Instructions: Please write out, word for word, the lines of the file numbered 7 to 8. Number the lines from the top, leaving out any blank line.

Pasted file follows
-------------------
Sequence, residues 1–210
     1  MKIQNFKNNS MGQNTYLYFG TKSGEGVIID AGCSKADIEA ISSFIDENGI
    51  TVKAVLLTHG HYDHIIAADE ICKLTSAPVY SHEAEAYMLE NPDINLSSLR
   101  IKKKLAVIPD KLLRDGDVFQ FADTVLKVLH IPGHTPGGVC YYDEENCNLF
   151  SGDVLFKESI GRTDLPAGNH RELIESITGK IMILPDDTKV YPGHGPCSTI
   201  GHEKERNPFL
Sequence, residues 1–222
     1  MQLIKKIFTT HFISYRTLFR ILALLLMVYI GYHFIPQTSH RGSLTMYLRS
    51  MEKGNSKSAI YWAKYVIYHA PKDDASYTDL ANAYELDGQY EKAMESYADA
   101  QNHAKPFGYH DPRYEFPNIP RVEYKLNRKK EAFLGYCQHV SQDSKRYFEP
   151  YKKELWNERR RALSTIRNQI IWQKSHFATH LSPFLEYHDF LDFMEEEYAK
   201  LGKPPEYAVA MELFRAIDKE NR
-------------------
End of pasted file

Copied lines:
Sequence, residues 1–222
     1  MQLIKKIFTT HFISYRTLFR ILALLLMVYI GYHFIPQTSH RGSLTMYLRS